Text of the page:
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Lario Melendrez worked for Ameron International Corporation in Pasadena for 24 years and was exposed to asbestos while manufacturing pipe products for the company. He died in 2011 of asbestos-related mesothelioma. His wife and children filed a wrongful death lawsuit against Ameron and argued that Mr. Melendrez was exposed to asbestos at work and through waste or scrap pipe that Ameron permitted him to take home for personal projects, such as making flower pots and part of a patio. Ameron argued that workers comp was the exclusive remedy for Mr. Melendrez’s family.

The Superior Court agreed with the employer and granted summary judgment finding that Mr. Melendrez’s death was work-related and the exclusive remedy applied. The family appealed, and the court of appeal sustained the dismissal in the published case of Melendrez v Ameron International Corporation.

The appeals court agreed that although a triable issue of fact exists whether Melendrez’s exposure to asbestos at home arose out of and in the course of his employment with Ameron, that issue is not material to the viability of Ameron’s defense of workers’ compensation exclusivity. “It is undisputed that Melendrez’s exposure to asbestos in his employment with Ameron substantially contributed to his mesothelioma. Therefore, under the contributing cause standard applicable in workers’ compensation law, his mesothelioma is covered by workers’ compensation, and his separate exposure at home does not create a separate injury outside workers’ compensation coverage. Thus, plaintiffs’ lawsuit is barred by workers’ compensation exclusivity.”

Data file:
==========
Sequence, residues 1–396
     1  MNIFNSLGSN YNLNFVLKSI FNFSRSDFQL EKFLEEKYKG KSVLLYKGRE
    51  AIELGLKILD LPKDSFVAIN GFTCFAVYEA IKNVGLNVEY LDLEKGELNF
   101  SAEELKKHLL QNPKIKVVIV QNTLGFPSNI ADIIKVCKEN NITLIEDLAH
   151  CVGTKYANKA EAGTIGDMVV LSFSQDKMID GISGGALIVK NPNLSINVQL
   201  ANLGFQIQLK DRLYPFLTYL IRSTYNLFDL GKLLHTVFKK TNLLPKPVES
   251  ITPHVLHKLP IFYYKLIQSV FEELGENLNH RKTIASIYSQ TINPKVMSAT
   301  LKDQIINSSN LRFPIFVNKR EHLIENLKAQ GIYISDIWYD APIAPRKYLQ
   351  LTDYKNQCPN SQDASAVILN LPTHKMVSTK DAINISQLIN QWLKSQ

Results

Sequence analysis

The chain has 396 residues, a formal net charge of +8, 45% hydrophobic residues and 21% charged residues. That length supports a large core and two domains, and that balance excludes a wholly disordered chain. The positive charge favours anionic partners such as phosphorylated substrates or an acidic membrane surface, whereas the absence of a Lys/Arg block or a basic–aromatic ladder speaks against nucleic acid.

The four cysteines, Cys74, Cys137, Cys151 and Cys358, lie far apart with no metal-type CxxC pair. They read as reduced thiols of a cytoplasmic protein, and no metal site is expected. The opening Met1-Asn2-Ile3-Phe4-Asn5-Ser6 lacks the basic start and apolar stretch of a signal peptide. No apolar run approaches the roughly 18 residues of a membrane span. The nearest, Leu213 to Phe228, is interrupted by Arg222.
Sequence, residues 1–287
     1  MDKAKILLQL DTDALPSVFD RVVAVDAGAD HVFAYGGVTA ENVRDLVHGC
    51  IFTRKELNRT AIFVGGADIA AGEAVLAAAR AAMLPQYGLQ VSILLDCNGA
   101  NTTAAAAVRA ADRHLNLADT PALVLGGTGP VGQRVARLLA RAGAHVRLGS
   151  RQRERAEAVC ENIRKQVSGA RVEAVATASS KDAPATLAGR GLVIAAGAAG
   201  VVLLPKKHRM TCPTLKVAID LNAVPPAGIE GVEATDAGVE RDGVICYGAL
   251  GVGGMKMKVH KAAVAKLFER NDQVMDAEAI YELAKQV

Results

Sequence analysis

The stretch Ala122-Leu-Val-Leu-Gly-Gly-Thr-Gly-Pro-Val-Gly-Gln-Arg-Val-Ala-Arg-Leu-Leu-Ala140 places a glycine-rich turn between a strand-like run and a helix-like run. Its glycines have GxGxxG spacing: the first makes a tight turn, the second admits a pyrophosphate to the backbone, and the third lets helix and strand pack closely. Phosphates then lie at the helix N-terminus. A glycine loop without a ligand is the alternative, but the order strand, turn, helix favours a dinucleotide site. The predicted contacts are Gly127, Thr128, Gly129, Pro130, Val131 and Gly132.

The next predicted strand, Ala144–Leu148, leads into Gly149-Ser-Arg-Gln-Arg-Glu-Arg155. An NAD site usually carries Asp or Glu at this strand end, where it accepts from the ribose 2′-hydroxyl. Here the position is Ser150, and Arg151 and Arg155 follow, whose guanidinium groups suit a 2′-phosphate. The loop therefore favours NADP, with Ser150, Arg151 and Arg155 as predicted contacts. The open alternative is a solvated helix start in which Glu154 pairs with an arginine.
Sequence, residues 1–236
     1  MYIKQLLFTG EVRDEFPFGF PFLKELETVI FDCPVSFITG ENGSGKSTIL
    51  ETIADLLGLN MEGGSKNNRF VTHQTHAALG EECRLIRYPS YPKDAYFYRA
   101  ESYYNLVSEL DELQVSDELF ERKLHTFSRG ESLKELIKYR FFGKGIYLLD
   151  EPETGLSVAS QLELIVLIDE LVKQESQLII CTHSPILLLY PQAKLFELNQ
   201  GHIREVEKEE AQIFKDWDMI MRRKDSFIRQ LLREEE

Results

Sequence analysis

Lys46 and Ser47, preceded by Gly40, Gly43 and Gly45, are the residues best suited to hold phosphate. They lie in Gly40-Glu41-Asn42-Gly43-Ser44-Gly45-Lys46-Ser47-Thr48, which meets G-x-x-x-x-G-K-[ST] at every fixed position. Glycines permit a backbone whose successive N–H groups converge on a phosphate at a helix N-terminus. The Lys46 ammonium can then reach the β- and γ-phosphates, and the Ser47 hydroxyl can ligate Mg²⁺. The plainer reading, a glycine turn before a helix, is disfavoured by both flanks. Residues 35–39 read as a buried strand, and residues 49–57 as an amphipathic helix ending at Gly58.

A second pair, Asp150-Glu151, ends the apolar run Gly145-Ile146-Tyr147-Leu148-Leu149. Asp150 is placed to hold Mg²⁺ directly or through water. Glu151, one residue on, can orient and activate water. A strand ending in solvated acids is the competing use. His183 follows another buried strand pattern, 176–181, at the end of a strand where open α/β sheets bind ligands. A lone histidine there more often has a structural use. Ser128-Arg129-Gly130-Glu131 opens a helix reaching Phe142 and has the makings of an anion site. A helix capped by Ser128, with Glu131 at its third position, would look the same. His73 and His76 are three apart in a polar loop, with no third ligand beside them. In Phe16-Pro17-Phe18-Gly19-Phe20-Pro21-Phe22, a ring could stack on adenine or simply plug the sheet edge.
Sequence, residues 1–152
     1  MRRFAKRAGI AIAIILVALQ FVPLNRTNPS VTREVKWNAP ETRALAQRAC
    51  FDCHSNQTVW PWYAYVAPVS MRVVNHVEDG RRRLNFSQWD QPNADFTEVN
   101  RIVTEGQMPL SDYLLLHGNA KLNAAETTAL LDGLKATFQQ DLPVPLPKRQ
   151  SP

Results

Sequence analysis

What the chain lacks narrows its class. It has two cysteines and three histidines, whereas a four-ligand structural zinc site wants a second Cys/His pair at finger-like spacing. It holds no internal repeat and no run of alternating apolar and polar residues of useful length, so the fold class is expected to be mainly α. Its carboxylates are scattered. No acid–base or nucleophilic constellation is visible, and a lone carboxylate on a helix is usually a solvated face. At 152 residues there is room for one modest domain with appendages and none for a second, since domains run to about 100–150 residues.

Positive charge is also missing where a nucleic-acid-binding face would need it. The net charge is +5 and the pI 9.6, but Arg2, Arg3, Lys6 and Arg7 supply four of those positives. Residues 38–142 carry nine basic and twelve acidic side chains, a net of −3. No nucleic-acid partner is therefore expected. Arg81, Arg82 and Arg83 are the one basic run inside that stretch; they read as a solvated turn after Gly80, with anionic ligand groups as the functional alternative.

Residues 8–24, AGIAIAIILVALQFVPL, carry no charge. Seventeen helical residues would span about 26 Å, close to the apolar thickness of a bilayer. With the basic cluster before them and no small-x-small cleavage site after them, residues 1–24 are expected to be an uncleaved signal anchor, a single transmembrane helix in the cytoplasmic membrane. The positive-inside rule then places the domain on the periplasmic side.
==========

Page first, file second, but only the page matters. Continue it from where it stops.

The court also upheld an award of $80,719 to be paid by Mr. Melendrez’s family to Ameron for costs and fees as a result of their rejection of a CCP 998 offer to allow judgment in the lower court trial.